Delhi Jama Masjid restricts entry of women, revokes order after row | Latest News Delhi - Hindustan Times
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Delhi Jama Masjid restricts entry of women, revokes order after row

BySadia Akhtar
Nov 25, 2022 12:01 AM IST

As the controversy escalated, the mosque’s Shahi Imam, Syed Ahmed Bukhari, on Thursday clarified that the order is not applicable to those visiting to offer prayers.

The administration of Delhi’s historic Jama Masjid on Thursday reversed its decision to restrict the entry of girls into the 17th century monument following widespread outrage on social media and after the city’s lieutenant governor Vinai Kumar Saxena stepped in and urged the mosque’s Shahi Imam to rescind the move.

New Delhi, India - April 6, 2021: People flouting social distancing norms at Jama Masjid, in New Delhi, India, on Tuesday, April 6, 2021. (Photo by Amal KS/ Hindustan Times) (Amal KS/HT PHOTO)
New Delhi, India - April 6, 2021: People flouting social distancing norms at Jama Masjid, in New Delhi, India, on Tuesday, April 6, 2021. (Photo by Amal KS/ Hindustan Times) (Amal KS/HT PHOTO)

“Jama Masjid mein ladki ya ladkiyon ka akele daakhla mana hai (The entry of a girl, or girls, is not permitted in Jama Masjid),” said a notice put up at gate number 2 of the mosque earlier this week.

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The notice triggered a major row on social media, even as mosque officials on Thursday kept girls, single unaccompanied women, and some couples from entering. Guards at the gate asked them to go back or return with family. At the same time, many other married couples and groups of women were, however, allowed to visit the mosque after declaring their marital status.

As the controversy escalated, the mosque’s Shahi Imam, Syed Ahmed Bukhari, on Thursday clarified that the order is not applicable to those visiting to offer prayers.

“Anyone who wants to offer namaz or visit the mosque can do so. Our concern is that people should not start treating the mosque as a meeting point and indulge in activities that defy the sanctity of the place of worship. Even if a single woman says that she wants to visit the mosque, she is free to do so. However, we expect visitors to maintain decorum. There have been instances when women have used the mosque premises to meet their boyfriends, propose, or make videos. The mosque is not a designated meeting point for such individuals,” said Bukhari.

He said that lone women could inform the guards about the purpose of the visit and enter mosque premises.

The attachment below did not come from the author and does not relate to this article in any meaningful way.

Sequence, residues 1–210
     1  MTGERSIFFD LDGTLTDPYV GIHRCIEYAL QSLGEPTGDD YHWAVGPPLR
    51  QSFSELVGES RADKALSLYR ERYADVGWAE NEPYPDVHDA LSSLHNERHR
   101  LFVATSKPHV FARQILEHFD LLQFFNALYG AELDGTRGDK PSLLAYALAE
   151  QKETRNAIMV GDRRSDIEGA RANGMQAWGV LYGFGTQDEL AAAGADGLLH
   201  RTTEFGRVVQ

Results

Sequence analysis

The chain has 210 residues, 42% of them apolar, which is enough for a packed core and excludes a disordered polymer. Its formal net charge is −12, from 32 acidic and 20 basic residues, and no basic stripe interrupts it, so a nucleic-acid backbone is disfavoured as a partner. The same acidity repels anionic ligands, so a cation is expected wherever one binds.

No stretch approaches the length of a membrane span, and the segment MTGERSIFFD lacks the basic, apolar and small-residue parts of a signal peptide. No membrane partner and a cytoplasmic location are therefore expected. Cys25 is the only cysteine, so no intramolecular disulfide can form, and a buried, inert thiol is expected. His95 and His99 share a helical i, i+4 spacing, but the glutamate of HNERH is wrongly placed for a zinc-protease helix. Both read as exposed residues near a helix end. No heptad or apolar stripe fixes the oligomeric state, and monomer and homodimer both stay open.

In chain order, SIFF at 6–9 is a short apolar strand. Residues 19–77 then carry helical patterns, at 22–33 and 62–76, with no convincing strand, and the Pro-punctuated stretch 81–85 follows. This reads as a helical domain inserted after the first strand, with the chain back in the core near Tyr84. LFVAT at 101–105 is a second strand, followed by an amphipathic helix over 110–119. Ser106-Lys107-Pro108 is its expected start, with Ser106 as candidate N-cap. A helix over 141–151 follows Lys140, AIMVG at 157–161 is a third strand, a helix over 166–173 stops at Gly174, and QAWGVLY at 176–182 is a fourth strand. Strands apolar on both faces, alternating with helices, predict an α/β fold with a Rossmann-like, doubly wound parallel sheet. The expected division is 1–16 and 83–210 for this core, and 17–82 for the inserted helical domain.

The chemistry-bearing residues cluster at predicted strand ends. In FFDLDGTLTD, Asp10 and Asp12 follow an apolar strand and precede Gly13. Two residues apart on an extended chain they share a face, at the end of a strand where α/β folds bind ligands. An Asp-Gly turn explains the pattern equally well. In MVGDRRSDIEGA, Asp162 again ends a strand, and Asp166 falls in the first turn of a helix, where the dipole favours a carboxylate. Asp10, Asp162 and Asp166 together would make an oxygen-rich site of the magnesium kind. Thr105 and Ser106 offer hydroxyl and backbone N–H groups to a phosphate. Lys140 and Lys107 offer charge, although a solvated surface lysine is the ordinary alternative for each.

However, later in the day, Bukhari confirmed that the order was scrapped after the LG’s intervention.

“The LG said that it would be better if the notice is removed. We have agreed,” he said

But, Bukhari continued, “Women and others should themselves ensure that they respect the mosque premises and not indulge in activities that are not suited for a place of worship”.

Meanwhile, Delhi Commission for Women (DCW) chief Swati Maliwal termed the notice a violation of women’s rights and said she was issuing a notice, even as officials in the National Commission for Women said the body has taken suo motu cognisance of the matter and is deciding on the action to be taken.

Also Read | 'Improper…': Jama Masjid bans unaccompanied women, DCW issues notice

Mehak, 18, who tried visiting the mosque with a male friend on Thursday evening said she was asked to return with her mother.

“Couples are not allowed, some officials told us. I have been coming to the mosque for years, but it’s the first time that they have not allowed me to enter. They said I should come along with my mother,” said Mehak, who prefers to use the first name.

Sneha Sharma, 20, a Delhi University student who visited the mosque for the first time on Thursday with a male and female friend, was not stopped from entering.

“We were not asked any questions or stopped from entering,” said Sharma.

Bukhari said the decision was taken after some “incidents” were reported on the premises of the heritage structure.

Ansar-ul-Haq, the mosque’s assistant public relations officer, said some women shot music and dance videos inside the mosque, “disrespecting its sanctity.”

“Entry is allowed for others who visit with family members for an outing or picnic. Even if a student or any other woman wants to visit, they are allowed to visit if they are respectful of the surroundings,” he said.

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  • ABOUT THE AUTHOR
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    Sadia Akhtar is a reporter at Hindustan Times where she covers education, heritage, and a range of feature stories. She also writes about refugee communities and tracks stories at the intersection of gender and social justice. Before joining HT's Delhi team, she reported from Gurugram and Mewat where she tracked politics, education, and heritage.

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